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Project on Government Oversight


Contract Oversight

In order to ensure that contractors supply the government with the goods and services agreed to under the financial terms and programmatic requirements outlined, it is important that the federal government conduct proper oversight of contracts. Good oversight holds contractors accountable; poor oversight often leads to waste, fraud, and abuse of taxpayer dollars. POGO’s Contract Oversight Investigations are aimed at preventing billions of dollars from being wasted and defrauded from the $530 billion annually spent by the government on goods and services.  Click on the program areas below to learn more.

Arm's Length Negotiations
Cozy government-contractor relationships have been attributed to many instances of waste and abuse. To make every effort to get the best value for the taxpayer, the government must promote aggressive arm's-length negotiations with contractors.

Competition in Federal Contracting
To better evaluate goods and services and to get the best value, the government must encourage genuine competition between contractors. Competition in contracting also prevents waste, fraud, and abuse, because contractors know that they can be replaced if they do not perform at the highest levels. The government must ensure that full and open competition is the rule, rather than the exception.

Contract Auditing
Contract auditing helps to protect taxpayers at the different phases of the contracting process -- before contracts are awarded and after contractors have submitted billings -- to ensure that taxpayers do not pay contractors for expenses that are unreasonable, unsupported, and/or excessive.

Contractor Accountability
To ensure that taxpayer dollars are being spent responsibly the government must regularly monitor and audit contracts. Contract administration should not end after the contract is awarded -- taxpayers deserve more.

Cost Accounting Standards
Cost accounting standards are used to increase the uniformity and consistency of cost accounting data supplied by contractors to the government for the purposes of assisting in negotiating, pricing, or administering contracts. Such rules are especially crucial to prevent the use of accounting gimmicks in a frequently noncompetitive environment.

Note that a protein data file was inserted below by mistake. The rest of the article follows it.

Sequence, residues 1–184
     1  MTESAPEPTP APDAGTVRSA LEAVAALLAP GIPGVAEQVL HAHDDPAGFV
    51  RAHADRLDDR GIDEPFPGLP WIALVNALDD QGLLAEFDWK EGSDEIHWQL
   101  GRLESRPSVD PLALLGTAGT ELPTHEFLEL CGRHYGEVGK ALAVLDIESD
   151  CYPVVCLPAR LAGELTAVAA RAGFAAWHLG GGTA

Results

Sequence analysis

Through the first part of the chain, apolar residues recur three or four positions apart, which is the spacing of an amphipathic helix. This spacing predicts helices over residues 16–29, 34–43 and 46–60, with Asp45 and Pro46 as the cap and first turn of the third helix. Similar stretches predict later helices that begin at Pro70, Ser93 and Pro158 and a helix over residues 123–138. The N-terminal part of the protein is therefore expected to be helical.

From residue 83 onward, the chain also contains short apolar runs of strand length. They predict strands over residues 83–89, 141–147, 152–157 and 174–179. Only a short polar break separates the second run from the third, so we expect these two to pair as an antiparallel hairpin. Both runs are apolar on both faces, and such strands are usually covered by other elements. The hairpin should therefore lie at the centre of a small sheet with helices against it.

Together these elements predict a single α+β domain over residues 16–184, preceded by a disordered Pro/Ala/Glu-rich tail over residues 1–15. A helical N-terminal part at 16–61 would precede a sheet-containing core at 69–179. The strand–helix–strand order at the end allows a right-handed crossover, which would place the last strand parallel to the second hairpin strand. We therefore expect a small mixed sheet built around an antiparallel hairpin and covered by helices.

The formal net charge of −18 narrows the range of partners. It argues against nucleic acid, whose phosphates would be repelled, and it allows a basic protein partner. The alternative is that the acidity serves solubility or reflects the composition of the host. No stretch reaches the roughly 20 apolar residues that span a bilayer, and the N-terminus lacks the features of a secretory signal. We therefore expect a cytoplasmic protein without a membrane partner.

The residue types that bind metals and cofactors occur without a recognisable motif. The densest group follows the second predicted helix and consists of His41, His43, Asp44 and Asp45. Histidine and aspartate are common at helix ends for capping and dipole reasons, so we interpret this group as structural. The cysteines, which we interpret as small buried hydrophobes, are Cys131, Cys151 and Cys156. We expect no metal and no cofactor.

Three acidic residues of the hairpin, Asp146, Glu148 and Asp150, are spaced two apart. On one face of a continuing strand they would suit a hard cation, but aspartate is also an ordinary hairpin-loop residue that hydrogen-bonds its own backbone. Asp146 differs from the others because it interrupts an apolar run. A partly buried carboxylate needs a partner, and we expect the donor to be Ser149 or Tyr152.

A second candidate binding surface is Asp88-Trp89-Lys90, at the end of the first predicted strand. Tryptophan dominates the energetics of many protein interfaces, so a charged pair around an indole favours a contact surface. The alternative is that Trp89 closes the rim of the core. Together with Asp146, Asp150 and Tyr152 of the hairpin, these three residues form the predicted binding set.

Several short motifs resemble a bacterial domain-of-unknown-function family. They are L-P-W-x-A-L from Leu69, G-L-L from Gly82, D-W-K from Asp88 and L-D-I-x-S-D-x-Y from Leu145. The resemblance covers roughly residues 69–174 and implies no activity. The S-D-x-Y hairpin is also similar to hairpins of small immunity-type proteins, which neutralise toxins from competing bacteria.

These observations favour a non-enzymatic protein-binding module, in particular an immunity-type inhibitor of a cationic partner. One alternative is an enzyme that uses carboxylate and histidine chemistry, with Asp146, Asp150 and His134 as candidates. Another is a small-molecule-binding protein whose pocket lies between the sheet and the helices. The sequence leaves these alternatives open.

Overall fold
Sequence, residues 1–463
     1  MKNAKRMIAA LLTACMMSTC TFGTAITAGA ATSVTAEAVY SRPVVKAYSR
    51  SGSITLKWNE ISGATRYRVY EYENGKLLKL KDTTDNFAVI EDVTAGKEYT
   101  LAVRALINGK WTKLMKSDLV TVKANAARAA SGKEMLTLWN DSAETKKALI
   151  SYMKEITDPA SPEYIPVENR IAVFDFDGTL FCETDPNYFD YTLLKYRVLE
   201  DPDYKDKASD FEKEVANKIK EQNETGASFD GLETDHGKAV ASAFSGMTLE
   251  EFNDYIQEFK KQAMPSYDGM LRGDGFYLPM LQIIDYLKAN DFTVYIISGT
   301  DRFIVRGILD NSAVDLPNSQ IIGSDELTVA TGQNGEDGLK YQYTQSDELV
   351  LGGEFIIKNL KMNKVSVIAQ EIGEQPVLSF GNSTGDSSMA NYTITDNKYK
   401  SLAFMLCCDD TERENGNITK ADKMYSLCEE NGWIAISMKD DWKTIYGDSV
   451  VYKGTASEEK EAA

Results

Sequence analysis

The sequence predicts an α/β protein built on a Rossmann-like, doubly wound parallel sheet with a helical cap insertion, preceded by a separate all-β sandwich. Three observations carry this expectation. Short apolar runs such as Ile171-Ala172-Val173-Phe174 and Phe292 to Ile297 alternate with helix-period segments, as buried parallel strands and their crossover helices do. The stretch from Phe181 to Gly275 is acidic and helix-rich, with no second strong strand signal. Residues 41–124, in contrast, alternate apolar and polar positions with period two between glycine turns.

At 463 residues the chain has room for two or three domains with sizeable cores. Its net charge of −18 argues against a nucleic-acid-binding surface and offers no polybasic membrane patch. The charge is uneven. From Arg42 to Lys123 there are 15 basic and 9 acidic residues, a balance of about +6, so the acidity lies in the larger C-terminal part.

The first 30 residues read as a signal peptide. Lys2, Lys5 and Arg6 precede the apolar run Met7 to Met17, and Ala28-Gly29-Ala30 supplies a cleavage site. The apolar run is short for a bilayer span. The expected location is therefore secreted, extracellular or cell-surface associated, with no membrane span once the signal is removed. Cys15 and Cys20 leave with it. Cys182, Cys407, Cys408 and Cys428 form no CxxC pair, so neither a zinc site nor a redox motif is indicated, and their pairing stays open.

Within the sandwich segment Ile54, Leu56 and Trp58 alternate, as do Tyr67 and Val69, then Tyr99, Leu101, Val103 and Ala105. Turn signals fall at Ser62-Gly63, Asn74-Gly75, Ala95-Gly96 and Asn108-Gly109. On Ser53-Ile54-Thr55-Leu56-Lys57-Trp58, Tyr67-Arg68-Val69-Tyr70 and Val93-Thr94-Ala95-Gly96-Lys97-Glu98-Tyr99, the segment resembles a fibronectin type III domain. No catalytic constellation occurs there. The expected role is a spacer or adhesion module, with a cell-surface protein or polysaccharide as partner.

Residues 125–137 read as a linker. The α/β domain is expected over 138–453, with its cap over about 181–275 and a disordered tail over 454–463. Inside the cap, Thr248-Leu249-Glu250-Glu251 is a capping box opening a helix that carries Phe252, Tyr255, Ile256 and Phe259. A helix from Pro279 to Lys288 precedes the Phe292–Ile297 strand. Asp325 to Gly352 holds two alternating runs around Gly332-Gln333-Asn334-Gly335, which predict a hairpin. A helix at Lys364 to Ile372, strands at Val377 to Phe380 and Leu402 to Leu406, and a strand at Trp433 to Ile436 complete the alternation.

Earmarks
Earmarks circumvent the merit-based or competition allocation processes, frequently specifying the location or recepient of government funds. It is important that earmarks be transparent in order to prevent corruption by allowing taxpayers to hold legislators and senior policymaker accountable for government spending decisions.

Federal Contracting Resources
Government contracting is complex and difficult to navigate. For years, POGO has been directing people to various internet resources that help them learn more about how the federal government is spending hundreds of billions of dollars. POGO's contracting resources page includes links to federal agencies, private entities, and government watchdogs that follow federal contracts and grants, government investigative reports, campaign contribution data, and ethics information.

Federal Contractor Misconduct
Contractor misconduct is a term used by the Project On Government Oversight (POGO) to highlight instances when companies that sell goods or services to the government violate laws or regulations, or are accused of wrongdoing in its dealing with the government, persons, and private entities. POGO has compiled this Federal Contractor Misconduct Database (FCMD) because there is no government repository for contractor misconduct information.

Federal Grants
In awarding federal grants, it is standard practice for a federal agency to require that a competitive grant proposal go through a peer review process in order to evaluate the merit of the application.  POGO investigates and challenges cases in which grants are awarded to specific locations or entities based on congressional earmarks, favoritism, or cronyism.